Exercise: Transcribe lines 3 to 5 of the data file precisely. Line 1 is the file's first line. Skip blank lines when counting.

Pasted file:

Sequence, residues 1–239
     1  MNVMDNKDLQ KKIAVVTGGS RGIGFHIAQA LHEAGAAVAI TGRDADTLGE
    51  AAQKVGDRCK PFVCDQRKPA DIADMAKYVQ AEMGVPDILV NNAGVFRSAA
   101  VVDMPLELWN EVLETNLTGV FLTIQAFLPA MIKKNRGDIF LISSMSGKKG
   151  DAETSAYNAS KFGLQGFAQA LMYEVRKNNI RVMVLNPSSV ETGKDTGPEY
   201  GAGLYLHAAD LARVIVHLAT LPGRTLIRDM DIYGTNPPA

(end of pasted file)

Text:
    51  AAQKVGDRCK PFVCDQRKPA DIADMAKYVQ AEMGVPDILV NNAGVFRSAA
   101  VVDMPLELWN EVLETNLTGV FLTIQAFLPA MIKKNRGDIF LISSMSGKKG
   151  DAETSAYNAS KFGLQGFAQA LMYEVRKNNI RVMVLNPSSV ETGKDTGPEY